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Posted By Topic: Mobile food power supply wiring

haydenyoung
Sep 08 2016 08:01

I am in the process of building a mobile food cart from scratch. It has no wiring right now (excluding trailer lights etc) But I am wondering what are my limits and requirements for such an installation?

I am not an electrician. I will get an electrical to do the work, but right now im trying to see if what i want is possible.

1. I read the below link here and although it applies to caravans I am worried it could affect me:
http://www.electricalforum.co.nz/index.php?action=more_detais&id=1393731713


2. I hope to have everything inside running electric, including a griddle of around 4.4kw, fridge and other appliances totaling around 1.2kw - 200kw and LED lights totaling say 100watts.

This is quite a power requirement so I am wondering if it is even allowed? will I need 32amp external plugs/adapters?

3. Is it possible to have more than one power supply? Because it is mobile, I may have 2 generators, neither of which are able to supply the total amount, and since some parallel kits still don't have the required amount I may look at having 1 generator supply the griddle and 1 supplies the others, in the event I cant find power from a building.

I really appreciate any help anyone can give me even if they cant answer all the questions. Or point me to any AS standards that are specifically for mobile premises.

Finally, if anyone here is a electrician in Auckland, feel free to send me a quote for the work required!

Thanks in advanced!
   

haydenyoung
Sep 08 2016 08:02

I should probably clarify, this is a mobile food enclosed trailer/caravan not a cart.
   

pluto
Sep 08 2016 08:08

There is a suitable standard to cover the type of the set up propose.

You will need to engage a suitable electrician/Electrical inspector to do and certify the work required.

When talking to the electrical worker he/she should be aware of the suitable standard, if they do NOT know, then it is time to find someone who does know.
   

haydenyoung
Sep 08 2016 08:43

Thanks pluto for the reply. So it is possible for me to have a single 32amp (or there abouts) plug for the installation?

Yes I will be sure to engage someone who is qualified to do it.

Also can you confirm if multiple AC power supplies is allowed? In case I go the 2 generator or if i can only get 10A from a house and the other 20A from a generator etc.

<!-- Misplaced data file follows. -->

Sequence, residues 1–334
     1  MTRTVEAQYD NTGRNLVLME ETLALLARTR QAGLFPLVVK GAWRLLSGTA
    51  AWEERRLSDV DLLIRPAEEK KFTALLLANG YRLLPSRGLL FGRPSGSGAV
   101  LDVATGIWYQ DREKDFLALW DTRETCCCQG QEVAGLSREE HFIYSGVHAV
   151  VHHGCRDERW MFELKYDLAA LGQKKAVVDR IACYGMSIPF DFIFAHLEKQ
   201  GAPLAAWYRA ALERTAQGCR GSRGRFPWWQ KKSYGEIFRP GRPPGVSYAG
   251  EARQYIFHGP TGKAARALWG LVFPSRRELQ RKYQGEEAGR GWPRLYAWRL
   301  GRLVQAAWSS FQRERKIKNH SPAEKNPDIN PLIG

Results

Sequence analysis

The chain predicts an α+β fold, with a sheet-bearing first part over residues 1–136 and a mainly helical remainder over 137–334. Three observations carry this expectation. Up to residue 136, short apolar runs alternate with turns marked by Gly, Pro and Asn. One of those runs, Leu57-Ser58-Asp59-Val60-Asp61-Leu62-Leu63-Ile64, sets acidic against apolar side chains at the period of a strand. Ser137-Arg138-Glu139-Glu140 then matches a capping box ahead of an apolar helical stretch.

Thanks
   

AlecK
Sep 08 2016 11:37

First thing to do is to think hard about whether all that energy needs to be electrical.
eg swap the 4.4 kW griddle for a gas-powered unit.
For food you're going to need hot water for cleaning / hand washing. Instant electric water heaters run at upwards of 6 kW. Storage water-heaters take up a lot of space.
So look at what else you can run off gas, which will reduce the total electrical load substantially. The point being that what matters is not the absolute total, but the total at any one time.
   

AlecK
Sep 08 2016 13:57

You've started well by identifying the expected loads.

The key to whether to have one supply or multiple supplies comes down to whether you want to plug in at a particular site or sites; and what capacity supply or supplies are available in those places.
   

dbuckley
Sep 11 2016 09:57


> Because it is mobile, I may have 2 generators, neither of which are able
> to supply the total amount, and since some parallel kits still don't have the required amount I may look at having 1 generator
> supply the griddle and 1 supplies the others, in the event I cant find power from a building.

Wiring a truck up with a 32A socket on the outside to operate off a single supply, either shore power from a building, or a decent sized genset that electrically "looks" like shore power is something that can be done without any dramas.

Having a system that can operate off shore power, OR two random generators is fraught with difficulties, especially since that given the load split it would likely be one bigger genny for the griddle, and a smaller genny for "the rest", and the smaller genny would probably be something from a tool hire shop for a building site. That could all end up really badly; that is not a cookie cutter installation, but requires very specific attention to detail, and specifying exactly what types of generator are acceptable.

Mainly due to the differing earthing approaches of big and little generators.

Alec is, of course, not wrong; perhaps gas is a better approach?
   

haydenyoung
Sep 21 2016 15:21

Thanks everyone for the replies.

When i was looking into gas it seemed to cause more drama as it was mainly for the huge ones, got expensive and required additional ventilation. Plus i am running quite a small setup.

So i made the decision to keep everything electrical. I ended up changing things slightly.

I got a 5300Watt (6.2kw burst) continous output generator, and I will use a 3kw griddle leaving 2300 left for a fridge register etc.

Now my issues/questions


1. the generator has 3 15a plugs, does that mean i should have say 2 lines going to the trailer and have them as seperate circuits?

2. if i did decide to go for more power later on, is adding a generator and new line and mutually exclusive sockets really a bad idea?


Thanks again!

And yes, im not going to do any wiring myself just wanting to know before i calll upon the electrician